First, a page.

Long-range Entanglement and Topological Order in Quantum Devices: from Hamilton(ians) to Galois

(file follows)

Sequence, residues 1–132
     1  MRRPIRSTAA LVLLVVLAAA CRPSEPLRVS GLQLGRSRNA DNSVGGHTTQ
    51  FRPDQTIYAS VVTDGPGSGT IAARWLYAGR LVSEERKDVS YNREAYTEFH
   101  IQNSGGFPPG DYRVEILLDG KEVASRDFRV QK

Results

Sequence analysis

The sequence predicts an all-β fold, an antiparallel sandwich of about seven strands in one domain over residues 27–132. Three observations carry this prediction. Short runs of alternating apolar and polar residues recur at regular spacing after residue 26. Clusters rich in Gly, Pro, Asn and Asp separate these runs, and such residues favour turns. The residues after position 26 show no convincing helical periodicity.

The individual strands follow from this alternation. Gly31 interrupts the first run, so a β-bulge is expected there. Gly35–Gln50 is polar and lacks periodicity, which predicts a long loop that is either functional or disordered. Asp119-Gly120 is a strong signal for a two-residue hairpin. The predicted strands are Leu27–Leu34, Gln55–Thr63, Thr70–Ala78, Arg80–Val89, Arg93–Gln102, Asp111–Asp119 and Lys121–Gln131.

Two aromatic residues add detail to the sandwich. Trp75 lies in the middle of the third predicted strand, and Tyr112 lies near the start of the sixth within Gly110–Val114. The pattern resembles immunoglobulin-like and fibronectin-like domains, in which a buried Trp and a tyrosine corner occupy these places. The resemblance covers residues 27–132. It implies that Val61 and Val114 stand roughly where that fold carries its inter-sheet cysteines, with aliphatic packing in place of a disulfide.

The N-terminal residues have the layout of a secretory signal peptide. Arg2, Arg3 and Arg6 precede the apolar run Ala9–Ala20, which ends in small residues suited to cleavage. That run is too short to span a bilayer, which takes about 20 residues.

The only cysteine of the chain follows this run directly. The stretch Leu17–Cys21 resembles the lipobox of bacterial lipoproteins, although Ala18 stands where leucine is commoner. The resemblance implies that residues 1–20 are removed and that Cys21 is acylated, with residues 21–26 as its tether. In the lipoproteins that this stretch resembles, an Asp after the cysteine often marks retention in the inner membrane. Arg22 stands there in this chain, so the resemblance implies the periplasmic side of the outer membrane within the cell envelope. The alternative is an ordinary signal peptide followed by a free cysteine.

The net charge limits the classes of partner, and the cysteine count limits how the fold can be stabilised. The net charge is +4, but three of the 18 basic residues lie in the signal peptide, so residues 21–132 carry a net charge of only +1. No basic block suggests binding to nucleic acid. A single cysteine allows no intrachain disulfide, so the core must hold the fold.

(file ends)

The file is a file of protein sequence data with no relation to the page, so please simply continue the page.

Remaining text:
One of the most remarkable discoveries in quantum physics is that long-range entangled qubits can give rise to emergent gauge fields and collective excitations with generalized exchange statistics. Despite the importance of such ‘topological’ states for quantum information processing, they are extremely challenging to find in materials. In this talk, we explore how novel ‘bottom-up’ quantum devices—built atom by atom, qubit by qubit—challenge this status quo. For instance, topological states can emerge as the low-energy description of a many-body Hamiltonian, with experimental data on Rydberg atom tweezer arrays. Alternatively, such long-range entanglement can be obtained from shallow circuits with measurements and feedforward, with experimental data on cold ions. The latter route can be interpreted as many-body quantum teleportation and is the only way to avoid fundamental constraints imposed by locality and unitarity, leading to a surprising connection to the unsolvability of the quintic.